26 January 2010

Everything In Its Place ... Cooking Chinese

Tonight I am making a couple Chinese dishes. That means everything must be prepped first, as there is no lingering over the cutting board once the wok is fired up and ready to go. While chopping, I think about how I came to explore Chinese cuisine. Silent Bob and I took a trip to the west coast around the time of our 10th anniversary. We flew into San Francisco and spent a few days exploring the city and soaking up the tourist attractions. Finding our way into the Chinatown neighborhood, we ate in a few small  family-run  places. One afternoon, though, we happened into an upscale place called The China Moon Cafe.
Little did I know that it was the brainchild/think tank belonging to Barbara Tropp, one of the finest American interpreters of Asian cuisine. All I knew is that we were hungry, had tired feet, and needed a break from all the tourist action. We ordered a plate of spring rolls and tea while we looked at the luncheon menu. I had no idea what was coming our way. The springrolls were the lightest and most flavorful little taste bullets that I'd ever experienced. Long story short, I came away from San Francisco vowing to myself that I would learn to make quality Asian food.

Ever since that trip, I have been determined to learn some good tricks for preparing Asian recipes - velveting meats, wines for sauces, interesting ways of prepping vegetables for stir-frys, good tempura batters, aromatics combinations. I've gone through periods when I would cook Asian for days at a time for the family. It always worked out well, as I had pre-teens that were voracious and happy to try new things. I always wondered if they appreciated the effort and preparation that went into producing a Chinese foodfest. They never said, but their clean plates seemed feedback enough. The kids are gone at this point, but I still love a heaping plate of spicy garlic pork lo mein, a deep bowl of stir-fried rice with shrimp or chicken, wontons in a hot chili sauce, pot-browned noodles with five spice pork and spinach or, or, or...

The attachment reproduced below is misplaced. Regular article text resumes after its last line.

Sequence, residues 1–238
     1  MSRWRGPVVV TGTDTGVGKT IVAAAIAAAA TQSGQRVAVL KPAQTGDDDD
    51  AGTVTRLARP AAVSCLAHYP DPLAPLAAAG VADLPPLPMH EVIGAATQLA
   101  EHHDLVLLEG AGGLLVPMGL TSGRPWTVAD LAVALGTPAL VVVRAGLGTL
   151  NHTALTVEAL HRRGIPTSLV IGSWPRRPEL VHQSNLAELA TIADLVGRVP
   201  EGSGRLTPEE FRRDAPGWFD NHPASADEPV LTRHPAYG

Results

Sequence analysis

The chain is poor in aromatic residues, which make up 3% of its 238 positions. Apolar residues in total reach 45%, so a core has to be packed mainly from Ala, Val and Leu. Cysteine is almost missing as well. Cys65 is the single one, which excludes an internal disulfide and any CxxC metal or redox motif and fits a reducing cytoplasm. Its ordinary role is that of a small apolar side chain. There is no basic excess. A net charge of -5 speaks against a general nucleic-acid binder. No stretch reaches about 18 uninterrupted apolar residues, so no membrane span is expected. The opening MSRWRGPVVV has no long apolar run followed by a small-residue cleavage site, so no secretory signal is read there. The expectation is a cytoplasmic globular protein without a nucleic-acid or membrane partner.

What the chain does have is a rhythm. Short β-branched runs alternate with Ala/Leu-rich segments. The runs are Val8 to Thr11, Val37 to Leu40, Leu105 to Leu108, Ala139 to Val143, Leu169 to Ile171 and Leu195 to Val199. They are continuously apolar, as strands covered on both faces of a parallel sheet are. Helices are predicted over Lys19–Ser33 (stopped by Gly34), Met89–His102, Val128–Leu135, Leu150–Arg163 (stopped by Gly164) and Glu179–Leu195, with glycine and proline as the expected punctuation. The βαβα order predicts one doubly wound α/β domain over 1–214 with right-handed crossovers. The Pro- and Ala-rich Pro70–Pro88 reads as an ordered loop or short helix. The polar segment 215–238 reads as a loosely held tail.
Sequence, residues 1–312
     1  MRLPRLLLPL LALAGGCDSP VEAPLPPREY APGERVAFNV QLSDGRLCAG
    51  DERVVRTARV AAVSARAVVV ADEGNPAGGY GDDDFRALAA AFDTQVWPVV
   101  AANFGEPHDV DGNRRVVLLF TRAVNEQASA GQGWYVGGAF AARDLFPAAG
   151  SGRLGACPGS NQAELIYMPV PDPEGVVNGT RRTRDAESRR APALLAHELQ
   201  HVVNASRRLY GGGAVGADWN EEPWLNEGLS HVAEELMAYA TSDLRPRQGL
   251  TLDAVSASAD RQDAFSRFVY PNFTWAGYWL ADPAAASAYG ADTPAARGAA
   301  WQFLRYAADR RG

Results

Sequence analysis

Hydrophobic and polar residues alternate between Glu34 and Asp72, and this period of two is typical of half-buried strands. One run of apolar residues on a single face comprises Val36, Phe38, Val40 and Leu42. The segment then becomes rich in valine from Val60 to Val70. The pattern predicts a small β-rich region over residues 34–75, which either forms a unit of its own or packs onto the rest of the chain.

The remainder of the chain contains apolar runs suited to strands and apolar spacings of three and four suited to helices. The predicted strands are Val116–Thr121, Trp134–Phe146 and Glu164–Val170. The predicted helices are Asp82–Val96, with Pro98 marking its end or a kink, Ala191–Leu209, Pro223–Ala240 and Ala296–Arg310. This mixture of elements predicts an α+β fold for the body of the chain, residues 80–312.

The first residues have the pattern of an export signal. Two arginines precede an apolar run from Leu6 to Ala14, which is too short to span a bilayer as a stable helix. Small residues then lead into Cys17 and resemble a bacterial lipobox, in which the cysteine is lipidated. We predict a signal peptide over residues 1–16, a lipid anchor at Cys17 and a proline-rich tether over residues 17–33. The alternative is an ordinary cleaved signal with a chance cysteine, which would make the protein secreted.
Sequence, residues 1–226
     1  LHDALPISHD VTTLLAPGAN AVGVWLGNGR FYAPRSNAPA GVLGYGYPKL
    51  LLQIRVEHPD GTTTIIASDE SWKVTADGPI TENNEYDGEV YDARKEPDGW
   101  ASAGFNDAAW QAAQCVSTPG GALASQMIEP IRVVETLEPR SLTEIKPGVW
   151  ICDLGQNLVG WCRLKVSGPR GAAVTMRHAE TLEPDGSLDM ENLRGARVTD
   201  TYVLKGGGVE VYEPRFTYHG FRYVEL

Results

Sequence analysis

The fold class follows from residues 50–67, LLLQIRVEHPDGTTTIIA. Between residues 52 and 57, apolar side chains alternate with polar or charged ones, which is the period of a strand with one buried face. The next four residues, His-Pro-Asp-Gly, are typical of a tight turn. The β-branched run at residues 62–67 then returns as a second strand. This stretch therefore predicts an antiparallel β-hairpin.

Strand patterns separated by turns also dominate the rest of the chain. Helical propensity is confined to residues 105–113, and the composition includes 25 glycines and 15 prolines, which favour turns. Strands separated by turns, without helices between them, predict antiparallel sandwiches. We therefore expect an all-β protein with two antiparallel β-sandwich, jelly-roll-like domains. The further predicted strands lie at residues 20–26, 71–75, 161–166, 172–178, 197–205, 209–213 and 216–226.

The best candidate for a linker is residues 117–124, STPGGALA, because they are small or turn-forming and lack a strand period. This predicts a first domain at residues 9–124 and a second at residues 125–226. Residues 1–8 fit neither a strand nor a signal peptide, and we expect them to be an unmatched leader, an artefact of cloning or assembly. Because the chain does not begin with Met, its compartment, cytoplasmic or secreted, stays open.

I have tried over the years to make those springrolls, but they just never come close... so I've stopped trying. Instead, I have worked at making a few other dishes that I think Ms. Tropp would have smiled over. Much later, I read that she died after a long fight with ovarian cancer - what a loss to the cooking world.

Tonight, my friends, I give you Stir-fried Wontons in Sichaun Sauce. This recipe comes from an easy little tome called  Betty Crocker's New Chinese Cookbook that's been edited by LeeAnn Chin. Don't be fooled by the Betty Crocker moniker ... this is a stellar recipe. Have a friend come by to help you slice and dice and wrap wontons. Sip some wine, line up the ingredients, wrap the wontons and then ... fire up that wok!

Stirfried Wontons in Sichuan Sauce - printer friendly

Stir-fried Wontons in Sichuan Sauce

Wonton Filling:

¼ lb. raw medium shrimp(in shells), shelled, washed and de-veined
2 oz. lean ground pork
3 whole water chestnuts, minced
2 green onions (with tops),chopped
1 tsp. cornstarch
½ tsp. salt
¼ tsp. sesame oil
dash white pepper

Sichuan Sauce:

1/3 c. ketchup
¼ c. Hoisin sauce
2 tsp. chili paste
1 tbsp. soy sauce

24 wonton skins
1 egg white, beaten
2 tbsp. peanut oil

Making the wontons:

1. Chop the prepared shrimp finely and combine with the other ingredients. Use your hands to smash the mixture until it is completely incorporated. Chill.
2. Place wonton skins on a plate and cover with a damp cloth. Working with one or two at a time, place ½ to 1 tsp. of filling in the middle of the skin.
3. Dampen the edges of the skin with egg white by dipping your finger init and smoothing the egg white along the edges.
4. Fold the wonton – one corner to another to form a triangle. Seal the edges/
5. Dampen the ‘top’ corner with egg white and bring the two ‘lower’ corners in to form ‘purse’.
6. Set aside under a damp cloth.
7. Meanwhile bring a large pot of water to a boil and add the wontons. Reduce the heat to a simmer and cook for about 2 minutes.
8. Spoon the cooked wontons into a bowl of cold water and allow them to cool.

Making the sauce and assembling the dish:

1. Combine the ketchup, Hoisin sauce, chili paste, and soy sauce and mix well.
2. Heat a wok and then add the peanut oil.
3. Carefully stir in the sauce and bring to a boil, stirring constantly.

Drain the wontons and add them to the sauce. Lower the heat a bit and cook, gently tossing the wontons in the sauce until coated and hot (about 3 minutes).

This dish can be plated, covered and quickly re-heated in a microwave, if you have other dishes that you will be preparing as part of an Asian foodfest.

1 comment:

  1. Sprout Sara31/1/10 8:43 PM



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